PA: At the Wired Group, we sympathize with the challenges facing state regulators and legislators today. Given that the challenge you cite has already been successfully addressed in the generation domain through integrated resource planning processes, we believe those processes provide much experience from which those of us in the distribution industry can all learn. Three features of integrated resource planning are particularly relevant to distribution planning and investment: Objectivity, Transparency, and Stakeholder Engagement.
Objective data has been used in integrated resource planning for decades, including load (kW and kWh) history, commodity fuel price history, and generating plant outage history, among others. The analogies to distribution planning and investment are clear. Regulators in California and New York are already mandating counterparts in distribution planning, including circuit-specific load forecasts, distributed generation forecasts, and (distributed generation) hosting capacity analyses, to name just a few. All of these forecasts are based in largest part on actual historical data, which we encourage all regulators to require and review when making any decisions on distribution investment plans. As we often repeat in our work, “In God we trust; all others bring data”.
Once objective data has been secured, integrated resource planning choices are made transparently, in formal regulatory proceedings. In these proceedings all evidence is made available for review, priorities for the future (including renewable portfolio standards) are considered, and informed choices are made with full knowledge of trade-offs in cost and risk. This feature is completely missing in distribution planning. Today, utilities make all the choices.
Finally, integrated resource planning features stakeholder engagement, in which interested parties each have a say in negotiating the fuel mix targets the resource plan should pursue. In essence, constituents have a say in the generation portfolio they want, thereby establishing the long-term goals important to them, after evaluating the pros and cons of various alternatives available for achieving those goals. There is no such feature in distribution planning, in which investor-owned utilities generally recommend alternatives which require large amounts of their own capital.
MC: Regulators in several states have been considering new utility business models. What advice do you have for them?
PA: I consider the phrase “utility business models” to be a euphemism for “utility compensation reform”. Due to the chasm between investor-owned utility interests (greater capital spending and sales volume) and customer interests (lower rates and usage) exhibited in the current US ratemaking model, I believe utility compensation reform to be warranted. On the other hand, the potential for reforms to cause utility income to skyrocket at customer expense is significant. For example, I see “reward only” payments for strong performance, without corresponding penalties for poor performance, to be unfair to customers. Similarly, rewarding utilities for using “non-capital” alternatives which result in lower costs to customers seems to absolve utilities of their existing requirement to act prudently in customer interests.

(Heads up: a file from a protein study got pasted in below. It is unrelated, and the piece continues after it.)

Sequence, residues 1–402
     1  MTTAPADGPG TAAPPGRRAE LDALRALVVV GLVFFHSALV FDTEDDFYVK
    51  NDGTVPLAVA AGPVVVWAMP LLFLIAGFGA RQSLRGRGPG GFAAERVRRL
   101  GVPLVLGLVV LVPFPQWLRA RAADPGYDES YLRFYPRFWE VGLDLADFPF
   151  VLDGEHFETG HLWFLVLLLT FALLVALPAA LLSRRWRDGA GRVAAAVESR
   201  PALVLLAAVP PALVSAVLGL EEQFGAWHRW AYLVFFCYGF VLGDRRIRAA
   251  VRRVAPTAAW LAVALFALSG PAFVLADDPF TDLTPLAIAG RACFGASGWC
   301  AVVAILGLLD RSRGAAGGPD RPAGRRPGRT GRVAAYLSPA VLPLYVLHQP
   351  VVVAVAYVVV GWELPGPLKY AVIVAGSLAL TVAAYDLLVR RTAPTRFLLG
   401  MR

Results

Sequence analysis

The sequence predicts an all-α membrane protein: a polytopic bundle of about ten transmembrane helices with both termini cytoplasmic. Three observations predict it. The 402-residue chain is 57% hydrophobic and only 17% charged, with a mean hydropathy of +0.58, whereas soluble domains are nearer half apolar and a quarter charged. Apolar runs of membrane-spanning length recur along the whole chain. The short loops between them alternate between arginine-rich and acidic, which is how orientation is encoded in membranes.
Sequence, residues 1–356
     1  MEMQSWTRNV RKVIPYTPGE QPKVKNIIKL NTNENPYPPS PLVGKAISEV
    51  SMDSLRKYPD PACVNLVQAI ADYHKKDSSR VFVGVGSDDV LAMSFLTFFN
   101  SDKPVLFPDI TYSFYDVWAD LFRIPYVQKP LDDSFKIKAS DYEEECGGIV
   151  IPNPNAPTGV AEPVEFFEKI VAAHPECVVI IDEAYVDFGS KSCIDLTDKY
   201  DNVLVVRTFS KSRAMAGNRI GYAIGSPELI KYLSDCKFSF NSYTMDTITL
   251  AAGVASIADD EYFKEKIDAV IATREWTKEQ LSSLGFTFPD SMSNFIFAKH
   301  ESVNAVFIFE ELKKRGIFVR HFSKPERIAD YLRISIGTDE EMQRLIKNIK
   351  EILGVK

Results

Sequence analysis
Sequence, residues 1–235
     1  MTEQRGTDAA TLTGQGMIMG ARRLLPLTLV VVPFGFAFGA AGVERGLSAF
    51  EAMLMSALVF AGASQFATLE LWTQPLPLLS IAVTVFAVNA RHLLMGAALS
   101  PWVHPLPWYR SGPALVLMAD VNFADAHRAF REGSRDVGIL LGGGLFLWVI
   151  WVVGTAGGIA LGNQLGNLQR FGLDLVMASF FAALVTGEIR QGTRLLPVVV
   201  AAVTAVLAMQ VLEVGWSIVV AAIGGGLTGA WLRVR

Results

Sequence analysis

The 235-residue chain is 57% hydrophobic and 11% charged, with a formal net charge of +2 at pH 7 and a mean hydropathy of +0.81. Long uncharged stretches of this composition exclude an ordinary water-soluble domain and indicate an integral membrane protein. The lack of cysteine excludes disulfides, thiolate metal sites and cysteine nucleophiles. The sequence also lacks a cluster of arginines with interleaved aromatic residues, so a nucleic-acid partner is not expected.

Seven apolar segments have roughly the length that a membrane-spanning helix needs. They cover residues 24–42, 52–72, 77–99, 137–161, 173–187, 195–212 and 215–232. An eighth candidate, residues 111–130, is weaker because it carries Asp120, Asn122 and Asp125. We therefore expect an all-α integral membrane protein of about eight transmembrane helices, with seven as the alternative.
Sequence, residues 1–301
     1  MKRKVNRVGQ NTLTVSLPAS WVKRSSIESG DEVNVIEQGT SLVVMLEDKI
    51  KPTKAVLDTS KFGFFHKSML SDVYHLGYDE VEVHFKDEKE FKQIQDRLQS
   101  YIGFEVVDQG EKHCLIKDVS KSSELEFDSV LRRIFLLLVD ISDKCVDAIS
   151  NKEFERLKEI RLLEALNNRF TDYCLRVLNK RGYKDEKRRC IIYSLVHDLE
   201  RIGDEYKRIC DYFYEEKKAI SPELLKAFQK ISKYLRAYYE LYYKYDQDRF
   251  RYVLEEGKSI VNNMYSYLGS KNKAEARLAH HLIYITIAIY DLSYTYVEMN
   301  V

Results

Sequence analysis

For regulators considering utility compensation reform, I strongly encourage the use of performance benchmarking. It is difficult to know how a utility is performing on reliability, customer satisfaction, capital investment, operations and maintenance spending, demand-side management, and other metrics without comparing it to peers with similar characteristics. Without relative data, best practices can’t be identified; prioritization of opportunities for improvement is difficult; and the establishment of challenging but fair performance targets is all but impossible. Financial and operating performance data is readily and publicly available from FERC and the Energy Information Administration is readily available for such applications; see, for example, the capabilities available at www.utilityevaluator.com.
For regulators who prefer to avoid compensation reform, I recommend the transparent, stakeholder-engaged distribution planning and capital budgeting process the Wired Group recommends. Such a process is not likely to change the percent of profit a utility can earn, but it can certainly impact the amount of capital spent, the allocation of that capital among competing priorities, and the benefits delivered to customers by that capital, all in way which advances the public’s interest.
MC: As one of our trusted experts at Energy Central, you’ve used the platform as a means to share your insights fairly actively. What do you think is the value in the Energy Central community and the ability to bring together utility professionals from different areas? What keeps you coming back to Energy Central?
PA: You asked earlier for my recommendation on how best to balance competing objectives. We see the current discourse surrounding distribution planning and investment to be dramatically out of balance in favor of investor-owned utilities’ shareholders, and against the economic interests of businesses, consumers, and the environment. If you examine any Department of Energy publication regarding grid modernization, for example, you’ll see that assistance from many investor-owned utilities, equipment manufacturers, engineering firms, software consultancies, and their associations is acknowledged. Utilities use these same groups to serve as expert witnesses in state regulatory proceedings regarding grid modernization. Yet all of these groups have a vested interest in greater grid investment. Qualified voices with objective and valuable information to share regarding grid investment, customer returns, and measurement struggle to find venues to disseminate our perspectives widely.
Despite their controversial nature, my views have never been censored or restricted on Energy Central. In my experience a representative from any utility, or from any regulatory, legislative, or research agency, can get objective information on any issue with which he or she is struggling on Energy Central. That is why I continue to participate.
Thanks to Paul for participating in the “Getting to Know Your Expert” interview series and for time and again showing a commitment to sharing his insights within the Energy Central community.